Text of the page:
Few companies see themselves through transformations in their bread and butter operations, especially not when the changes affect virtually everything the company does. Yet this is what Wagner Tool & Engineering (Norfolk, Nebraska) has done. Founded in 1988 as a tool and die shop, Wagner began buying CNC equipment in the early 1990s. It kept its machine tools humming profitably on 1,000-piece orders for agricultural equipment, pumps and hydraulic components. For decades, farmers in the northern and western Great Plains constantly innovated and modernized. But in recent years, these farmers and businesses have struggled with rising costs for energy, irrigation and just about everything else, while crop and livestock prices have spiraled downward.
"That market crashed in 1998, so we regrouped," explains Steve Wagner, president. "It was very difficult because everything about the way the business was run had to be rethought and changed. Now we are in a niche market for high precision, low volume components and assemblies. Looking back, there is no more of what was "gravy' work."
The changes in Wagner Tool's operations run deep. A few years ago virtually all of its work was milling and drilling—especially drilling—in iron and steel. Today at any one time the shop may be cutting aluminum and engineered plastics, steel, nonferrous metals and cast iron.
Where Wagner Tool formerly produced components for sale to agricultural distributors and manufacturers, it now builds complete products itself. It has transformed itself into a contract manufacturer and a growing player in the business of outsourcing. The company still has customers in the hydraulics and agriculture industries demanding special valve bodies and manifolds, but the growth is in electrical, medical and scientific products. "One of our newest jobs is high precision components for a delicate DNA scanning instrument," Mr. Wagner says.
"The difficulty is not tight tolerances and complicated configurations," Mr. Wagner continues. "We always had the machine tools and processes to handle those. The difficulty is the constant stream of new part introductions. And that's where EdgeCAM software really helps us." EdgeCAM 5 from Planit Solutions (Southfield, Michigan) was installed the spring of 2000—just in time for a surge in business that proved out the software's capabilities.
Wagner Tool still gets an occasional order for 1,000 pieces, but the norm is 100 to 200 parts. Since those jobs run a day or two at most, how quickly they get into production is the biggest variable affecting profit margins. This reversed the emphasis in operations, which used to be getting through a job's last cut as quickly as possible. Now it is getting the first cut started as soon as possible.
With EdgeCAM and a whole new arsenal of design and engineering capabilities, Wagner Tool now makes money on orders as small as five. This speed and flexibility could never have been achieved with the company's previous CAM software, a low-cost 2D package optimized for drilling.
"That package was very limited," says Scott Volk, manufacturing manager and lead CAM programmer. "I was forced to do a lot of the detail work of programming in longhand with word processing software and a hand calculator. Since we had to do most of the math with a calculator anyway, it was quicker to just do the whole thing in longhand. We could not even get the software to specify where to start a milling cut," he adds.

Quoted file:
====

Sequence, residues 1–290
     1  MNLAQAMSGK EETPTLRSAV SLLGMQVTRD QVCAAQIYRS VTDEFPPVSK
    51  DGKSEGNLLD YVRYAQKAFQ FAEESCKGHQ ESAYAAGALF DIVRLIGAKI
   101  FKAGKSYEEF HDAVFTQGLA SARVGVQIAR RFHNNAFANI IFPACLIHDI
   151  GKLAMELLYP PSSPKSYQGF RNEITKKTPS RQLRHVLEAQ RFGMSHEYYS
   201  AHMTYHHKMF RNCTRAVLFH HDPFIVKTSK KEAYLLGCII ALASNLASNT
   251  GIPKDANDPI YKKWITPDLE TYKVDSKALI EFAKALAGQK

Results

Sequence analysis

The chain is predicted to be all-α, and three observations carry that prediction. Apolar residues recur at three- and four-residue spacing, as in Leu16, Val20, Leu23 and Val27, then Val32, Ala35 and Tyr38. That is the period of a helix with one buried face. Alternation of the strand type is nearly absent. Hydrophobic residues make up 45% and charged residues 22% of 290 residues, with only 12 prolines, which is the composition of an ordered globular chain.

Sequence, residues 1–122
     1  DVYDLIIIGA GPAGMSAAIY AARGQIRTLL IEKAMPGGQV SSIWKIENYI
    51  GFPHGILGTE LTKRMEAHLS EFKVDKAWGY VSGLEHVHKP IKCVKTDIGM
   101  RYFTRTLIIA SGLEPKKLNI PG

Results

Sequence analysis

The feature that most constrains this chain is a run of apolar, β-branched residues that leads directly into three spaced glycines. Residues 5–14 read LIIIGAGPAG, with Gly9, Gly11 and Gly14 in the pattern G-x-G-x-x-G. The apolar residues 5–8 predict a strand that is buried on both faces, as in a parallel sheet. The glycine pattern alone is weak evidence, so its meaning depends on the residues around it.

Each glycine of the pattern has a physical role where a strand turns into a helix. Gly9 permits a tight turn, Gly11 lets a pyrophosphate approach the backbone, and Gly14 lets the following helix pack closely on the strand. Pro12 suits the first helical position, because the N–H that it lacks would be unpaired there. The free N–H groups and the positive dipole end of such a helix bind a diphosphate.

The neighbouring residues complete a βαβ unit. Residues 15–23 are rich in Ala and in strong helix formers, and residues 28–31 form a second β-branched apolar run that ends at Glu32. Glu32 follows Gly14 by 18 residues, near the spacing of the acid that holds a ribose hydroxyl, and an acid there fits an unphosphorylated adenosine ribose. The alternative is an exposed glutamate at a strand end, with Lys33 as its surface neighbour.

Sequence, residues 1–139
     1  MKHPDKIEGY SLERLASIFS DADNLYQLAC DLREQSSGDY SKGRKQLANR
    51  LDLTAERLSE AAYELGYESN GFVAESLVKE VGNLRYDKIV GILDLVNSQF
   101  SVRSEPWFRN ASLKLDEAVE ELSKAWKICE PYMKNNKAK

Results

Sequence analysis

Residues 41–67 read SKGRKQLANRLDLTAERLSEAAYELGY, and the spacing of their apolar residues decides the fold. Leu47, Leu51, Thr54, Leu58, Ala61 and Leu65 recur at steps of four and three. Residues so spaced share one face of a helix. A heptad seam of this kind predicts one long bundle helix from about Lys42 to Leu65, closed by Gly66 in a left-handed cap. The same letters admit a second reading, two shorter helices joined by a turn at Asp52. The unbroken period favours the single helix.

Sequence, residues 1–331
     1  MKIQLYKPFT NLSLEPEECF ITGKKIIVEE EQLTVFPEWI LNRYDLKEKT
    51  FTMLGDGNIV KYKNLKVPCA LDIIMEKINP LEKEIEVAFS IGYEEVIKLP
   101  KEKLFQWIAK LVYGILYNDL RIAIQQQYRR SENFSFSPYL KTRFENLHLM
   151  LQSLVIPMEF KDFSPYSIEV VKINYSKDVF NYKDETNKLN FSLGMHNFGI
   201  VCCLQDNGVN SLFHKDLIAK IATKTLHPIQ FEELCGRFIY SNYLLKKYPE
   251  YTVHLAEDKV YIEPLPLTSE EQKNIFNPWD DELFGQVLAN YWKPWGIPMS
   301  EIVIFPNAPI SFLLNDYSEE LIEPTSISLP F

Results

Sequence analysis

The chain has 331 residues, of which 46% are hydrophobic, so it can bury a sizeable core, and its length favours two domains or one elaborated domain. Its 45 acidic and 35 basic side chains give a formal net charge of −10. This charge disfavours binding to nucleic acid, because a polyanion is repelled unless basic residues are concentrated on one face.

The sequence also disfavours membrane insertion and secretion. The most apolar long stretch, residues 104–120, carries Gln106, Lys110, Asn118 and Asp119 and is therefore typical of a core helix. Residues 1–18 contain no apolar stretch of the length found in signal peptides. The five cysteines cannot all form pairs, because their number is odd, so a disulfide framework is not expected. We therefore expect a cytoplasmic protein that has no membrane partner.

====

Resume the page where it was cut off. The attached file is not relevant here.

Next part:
"On a typical part, EdgeCAM saves me 1 to 2 hours of programming time," says Mr. Volk. That's a huge time savings since he can sometimes average two to three part programs a day in addition to shop management duties. "Out on the shop floor it saves us another 15 minutes to 2 hours per part program," he adds.
"Now it's often just a matter of a few minutes from part print to completed CAM program," Mr. Volk says. "I have virtually no editing to do after EdgeCAM has created the program. With the old system and all the manual programming, it was very easy to make a mistake. Editing was a continuous chore to fix things like negative numbers where there should have been a positive number, misplaced decimal points, or a missing X, Y or Z in front of a number. Those all added up to time lost on the floor," he points out. "Now, we don't have to worry about any of those things like starting in the right spot or going to the right depth."
Mr. Wagner says, "EdgeCAM has virtually eliminated programming errors and what you could call ‘unforeseen obstacles' in the setups and tooling. This is very important because getting into production quickly is now the name of the game for us. Debugging programs is much faster because we can see everything so much more clearly. On many of these jobs," he points out, "setup time equals run time."
The speed and flexibility of Wagner Tool's programming also provide direct benefits to customers. Some of the sharp drop in job lot size "is actually our doing," says Mr. Wagner. "We tell customers they are better off ordering in smaller quantities and letting us worry about the efficiency than they are buying large quantities and holding inventory for, say, 6 months. We can afford to do this now because we can set up, tool and program a job so quickly."
Since inventory carrying costs traditionally are 30 percent of the part's value per year (not counting the risk of obsolescence), EdgeCAM lets Wagner Tool do better by its customers. "EdgeCAM's file transfer capability and our ability to program quickly and accurately with it are very effective tools for us," Mr. Wagner adds.
Wagner Tool's philosophy is to do business in partnership with its customers. "We want to work with companies that recognize the value of our support and not just the lowest possible dollar price per part," Mr. Wagner concludes. EdgeCAM helps span the gap between philosophy and everyday business reality.